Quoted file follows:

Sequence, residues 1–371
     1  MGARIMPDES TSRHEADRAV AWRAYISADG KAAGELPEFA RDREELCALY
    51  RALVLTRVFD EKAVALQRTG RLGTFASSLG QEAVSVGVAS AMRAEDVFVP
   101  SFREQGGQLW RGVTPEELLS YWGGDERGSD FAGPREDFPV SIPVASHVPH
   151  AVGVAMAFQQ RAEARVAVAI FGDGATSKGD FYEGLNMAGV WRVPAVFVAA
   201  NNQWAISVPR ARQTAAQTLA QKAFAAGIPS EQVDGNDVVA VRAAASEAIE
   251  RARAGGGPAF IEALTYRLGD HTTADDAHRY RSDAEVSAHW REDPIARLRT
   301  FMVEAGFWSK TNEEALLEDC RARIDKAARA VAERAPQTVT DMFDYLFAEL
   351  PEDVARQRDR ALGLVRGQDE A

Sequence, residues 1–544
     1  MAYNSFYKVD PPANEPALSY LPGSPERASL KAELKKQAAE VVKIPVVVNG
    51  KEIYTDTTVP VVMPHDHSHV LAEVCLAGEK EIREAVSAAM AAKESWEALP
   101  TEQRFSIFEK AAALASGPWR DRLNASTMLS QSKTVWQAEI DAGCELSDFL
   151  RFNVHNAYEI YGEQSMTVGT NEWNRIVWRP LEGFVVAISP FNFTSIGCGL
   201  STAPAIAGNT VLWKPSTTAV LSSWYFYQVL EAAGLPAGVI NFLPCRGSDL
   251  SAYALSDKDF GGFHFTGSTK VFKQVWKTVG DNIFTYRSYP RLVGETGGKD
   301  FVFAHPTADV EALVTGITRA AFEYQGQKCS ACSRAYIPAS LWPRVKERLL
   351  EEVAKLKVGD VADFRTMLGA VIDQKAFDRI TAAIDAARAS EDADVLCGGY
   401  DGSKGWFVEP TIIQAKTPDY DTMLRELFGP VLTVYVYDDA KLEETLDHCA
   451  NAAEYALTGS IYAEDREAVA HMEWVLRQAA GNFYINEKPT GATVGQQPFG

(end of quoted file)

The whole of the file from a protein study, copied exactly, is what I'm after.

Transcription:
Sequence, residues 1–371
     1  MGARIMPDES TSRHEADRAV AWRAYISADG KAAGELPEFA RDREELCALY
    51  RALVLTRVFD EKAVALQRTG RLGTFASSLG QEAVSVGVAS AMRAEDVFVP
   101  SFREQGGQLW RGVTPEELLS YWGGDERGSD FAGPREDFPV SIPVASHVPH
   151  AVGVAMAFQQ RAEARVAVAI FGDGATSKGD FYEGLNMAGV WRVPAVFVAA
   201  NNQWAISVPR ARQTAAQTLA QKAFAAGIPS EQVDGNDVVA VRAAASEAIE
   251  RARAGGGPAF IEALTYRLGD HTTADDAHRY RSDAEVSAHW REDPIARLRT
   301  FMVEAGFWSK TNEEALLEDC RARIDKAARA VAERAPQTVT DMFDYLFAEL
   351  PEDVARQRDR ALGLVRGQDE A

Sequence, residues 1–544
     1  MAYNSFYKVD PPANEPALSY LPGSPERASL KAELKKQAAE VVKIPVVVNG
    51  KEIYTDTTVP VVMPHDHSHV LAEVCLAGEK EIREAVSAAM AAKESWEALP
   101  TEQRFSIFEK AAALASGPWR DRLNASTMLS QSKTVWQAEI DAGCELSDFL
   151  RFNVHNAYEI YGEQSMTVGT NEWNRIVWRP LEGFVVAISP FNFTSIGCGL
   201  STAPAIAGNT VLWKPSTTAV LSSWYFYQVL EAAGLPAGVI NFLPCRGSDL
   251  SAYALSDKDF GGFHFTGSTK VFKQVWKTVG DNIFTYRSYP RLVGETGGKD
   301  FVFAHPTADV EALVTGITRA AFEYQGQKCS ACSRAYIPAS LWPRVKERLL
   351  EEVAKLKVGD VADFRTMLGA VIDQKAFDRI TAAIDAARAS EDADVLCGGY
   401  DGSKGWFVEP TIIQAKTPDY DTMLRELFGP VLTVYVYDDA KLEETLDHCA
   451  NAAEYALTGS IYAEDREAVA HMEWVLRQAA GNFYINEKPT GATVGQQPFG